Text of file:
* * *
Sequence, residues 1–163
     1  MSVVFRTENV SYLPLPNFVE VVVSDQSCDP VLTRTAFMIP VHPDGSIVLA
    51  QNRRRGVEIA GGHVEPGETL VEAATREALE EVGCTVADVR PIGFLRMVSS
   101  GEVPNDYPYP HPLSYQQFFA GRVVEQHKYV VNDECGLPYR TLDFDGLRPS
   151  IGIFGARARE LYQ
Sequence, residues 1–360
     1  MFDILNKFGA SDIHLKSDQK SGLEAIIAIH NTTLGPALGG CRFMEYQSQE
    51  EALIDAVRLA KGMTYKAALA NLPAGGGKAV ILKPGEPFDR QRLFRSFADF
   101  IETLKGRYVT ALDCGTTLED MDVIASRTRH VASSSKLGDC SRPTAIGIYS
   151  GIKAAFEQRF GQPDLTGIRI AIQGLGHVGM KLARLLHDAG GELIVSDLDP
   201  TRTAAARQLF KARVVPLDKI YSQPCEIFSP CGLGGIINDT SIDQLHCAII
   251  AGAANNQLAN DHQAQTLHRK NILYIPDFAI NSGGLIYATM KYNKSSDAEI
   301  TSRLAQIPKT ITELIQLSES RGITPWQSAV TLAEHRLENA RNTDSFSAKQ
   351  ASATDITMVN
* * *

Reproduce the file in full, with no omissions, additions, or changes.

Sequence, residues 1–163
     1  MSVVFRTENV SYLPLPNFVE VVVSDQSCDP VLTRTAFMIP VHPDGSIVLA
    51  QNRRRGVEIA GGHVEPGETL VEAATREALE EVGCTVADVR PIGFLRMVSS
   101  GEVPNDYPYP HPLSYQQFFA GRVVEQHKYV VNDECGLPYR TLDFDGLRPS
   151  IGIFGARARE LYQ
Sequence, residues 1–360
     1  MFDILNKFGA SDIHLKSDQK SGLEAIIAIH NTTLGPALGG CRFMEYQSQE
    51  EALIDAVRLA KGMTYKAALA NLPAGGGKAV ILKPGEPFDR QRLFRSFADF
   101  IETLKGRYVT ALDCGTTLED MDVIASRTRH VASSSKLGDC SRPTAIGIYS
   151  GIKAAFEQRF GQPDLTGIRI AIQGLGHVGM KLARLLHDAG GELIVSDLDP
   201  TRTAAARQLF KARVVPLDKI YSQPCEIFSP CGLGGIINDT SIDQLHCAII
   251  AGAANNQLAN DHQAQTLHRK NILYIPDFAI NSGGLIYATM KYNKSSDAEI
   301  TSRLAQIPKT ITELIQLSES RGITPWQSAV TLAEHRLENA RNTDSFSAKQ
   351  ASATDITMVN